Parties join in vote-sharing agreements

Four pairs of political parties have signed vote-sharing agreements.

March 19, 2006 22:49
1 minute read.
likud foreground likud bgnd

labor likud 88. (photo credit: )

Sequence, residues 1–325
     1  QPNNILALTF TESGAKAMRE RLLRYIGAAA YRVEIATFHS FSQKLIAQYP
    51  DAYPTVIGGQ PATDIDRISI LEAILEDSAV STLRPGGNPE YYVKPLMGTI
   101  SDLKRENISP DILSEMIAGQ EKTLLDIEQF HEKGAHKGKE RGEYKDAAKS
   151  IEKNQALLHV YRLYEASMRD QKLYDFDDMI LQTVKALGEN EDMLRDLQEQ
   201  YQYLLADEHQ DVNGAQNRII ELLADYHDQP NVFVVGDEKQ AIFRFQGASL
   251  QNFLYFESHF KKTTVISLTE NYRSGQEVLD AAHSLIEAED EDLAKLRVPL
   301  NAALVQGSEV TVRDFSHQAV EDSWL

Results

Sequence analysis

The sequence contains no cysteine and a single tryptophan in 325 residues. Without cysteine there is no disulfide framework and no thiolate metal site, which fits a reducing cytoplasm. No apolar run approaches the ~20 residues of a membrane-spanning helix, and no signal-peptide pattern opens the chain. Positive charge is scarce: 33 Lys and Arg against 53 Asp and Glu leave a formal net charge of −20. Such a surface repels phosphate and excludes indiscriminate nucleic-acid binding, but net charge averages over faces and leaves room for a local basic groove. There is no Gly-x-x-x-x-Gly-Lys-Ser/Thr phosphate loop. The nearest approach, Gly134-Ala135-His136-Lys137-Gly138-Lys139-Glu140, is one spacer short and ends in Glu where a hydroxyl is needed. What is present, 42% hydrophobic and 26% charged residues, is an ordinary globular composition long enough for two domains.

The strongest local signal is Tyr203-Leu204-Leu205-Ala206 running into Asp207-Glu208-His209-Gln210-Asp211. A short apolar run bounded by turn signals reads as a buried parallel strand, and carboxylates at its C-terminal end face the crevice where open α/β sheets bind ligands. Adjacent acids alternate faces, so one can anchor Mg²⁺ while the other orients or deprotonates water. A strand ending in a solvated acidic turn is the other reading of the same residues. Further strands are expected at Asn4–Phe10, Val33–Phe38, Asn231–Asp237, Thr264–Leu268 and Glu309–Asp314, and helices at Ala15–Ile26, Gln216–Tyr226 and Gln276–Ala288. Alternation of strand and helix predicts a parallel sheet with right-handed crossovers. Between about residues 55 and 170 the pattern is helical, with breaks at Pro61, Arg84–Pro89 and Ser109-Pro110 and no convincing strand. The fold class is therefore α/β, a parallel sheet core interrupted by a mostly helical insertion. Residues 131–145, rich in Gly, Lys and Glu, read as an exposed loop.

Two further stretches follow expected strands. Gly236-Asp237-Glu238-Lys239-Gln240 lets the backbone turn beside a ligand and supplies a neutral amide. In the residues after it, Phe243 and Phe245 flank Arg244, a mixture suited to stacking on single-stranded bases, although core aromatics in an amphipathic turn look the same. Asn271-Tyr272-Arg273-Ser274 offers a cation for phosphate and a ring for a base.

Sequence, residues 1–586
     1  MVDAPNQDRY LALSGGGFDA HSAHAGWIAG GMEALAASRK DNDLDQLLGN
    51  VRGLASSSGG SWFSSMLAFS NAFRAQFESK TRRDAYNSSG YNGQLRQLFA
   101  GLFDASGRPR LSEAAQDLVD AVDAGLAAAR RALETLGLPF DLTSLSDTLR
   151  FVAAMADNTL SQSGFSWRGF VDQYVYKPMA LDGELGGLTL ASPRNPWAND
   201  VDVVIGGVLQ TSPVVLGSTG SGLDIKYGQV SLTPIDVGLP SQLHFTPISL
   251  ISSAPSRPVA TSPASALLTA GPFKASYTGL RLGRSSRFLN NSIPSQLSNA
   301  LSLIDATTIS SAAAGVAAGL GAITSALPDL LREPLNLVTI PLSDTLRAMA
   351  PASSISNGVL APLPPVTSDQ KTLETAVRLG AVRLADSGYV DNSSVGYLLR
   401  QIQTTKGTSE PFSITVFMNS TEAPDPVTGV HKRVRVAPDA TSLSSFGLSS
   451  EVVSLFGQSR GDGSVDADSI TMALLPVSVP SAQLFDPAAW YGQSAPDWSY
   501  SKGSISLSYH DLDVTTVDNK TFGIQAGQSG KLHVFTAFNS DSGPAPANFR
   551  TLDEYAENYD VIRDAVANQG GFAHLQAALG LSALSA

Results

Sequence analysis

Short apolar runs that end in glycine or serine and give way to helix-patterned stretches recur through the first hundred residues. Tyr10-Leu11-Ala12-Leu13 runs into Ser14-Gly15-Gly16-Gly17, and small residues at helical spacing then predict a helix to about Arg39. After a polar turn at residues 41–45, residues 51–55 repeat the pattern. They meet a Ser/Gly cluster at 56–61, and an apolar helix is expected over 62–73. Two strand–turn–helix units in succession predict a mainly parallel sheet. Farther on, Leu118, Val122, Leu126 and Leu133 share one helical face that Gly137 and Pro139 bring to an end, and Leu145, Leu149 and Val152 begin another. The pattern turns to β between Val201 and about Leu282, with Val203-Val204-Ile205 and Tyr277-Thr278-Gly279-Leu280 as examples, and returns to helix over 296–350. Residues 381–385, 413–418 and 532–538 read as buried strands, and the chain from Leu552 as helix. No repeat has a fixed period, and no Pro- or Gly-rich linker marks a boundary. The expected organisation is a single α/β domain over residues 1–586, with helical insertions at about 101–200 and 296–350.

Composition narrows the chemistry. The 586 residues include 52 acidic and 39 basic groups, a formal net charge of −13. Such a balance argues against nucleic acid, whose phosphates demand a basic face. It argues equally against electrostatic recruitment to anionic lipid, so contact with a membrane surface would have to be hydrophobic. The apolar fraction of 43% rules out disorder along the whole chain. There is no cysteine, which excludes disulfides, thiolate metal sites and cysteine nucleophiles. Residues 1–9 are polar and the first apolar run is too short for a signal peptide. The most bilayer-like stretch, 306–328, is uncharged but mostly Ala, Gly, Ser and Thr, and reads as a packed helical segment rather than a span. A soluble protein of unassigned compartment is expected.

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Four pairs of political parties have signed vote-sharing agreements with each other, which may enable one of each pair to benefit from the "surplus" votes that each of them receives, the Central Election Committee announced on Sunday. The pairs consist of the Labor-Meimad Party and Meretz, Shas and UTJ, Hadash and Balad, and Israel Beiteinu and the Likud. According to the 1969 Knesset Elections Law, the system of determining the allocation of parliamentary seats is as follows. The total number of proper votes cast in the elections is divided by 120 - the number of seats in the Knesset - to determine exactly how many votes are required to win one seat. A party must win exactly that number of votes for each parliamentary seat allotted to it. Political parties who do not sign vote-sharing agreements lose any surplus votes. However, parties who have reached vote-sharing agreements place their surplus votes into a joint kitty. If the sum total of the surplus votes of the two parties is enough to win another parliamentary seat, one of the two will win it. In order to decide which one, each party's total number of votes received is divided by the number of parliamentary seats that party has won. The result is called the "index." The party with the larger index of the two wins the extra seat. In general, the parties who sign vote-sharing agreements are usually the largest ones. They pair off with parties who are ideologically close to them so that the party with the smaller index will still gain something out of the fact that a party with a similar political outlook has won an additional representative, partly thanks to its votes.

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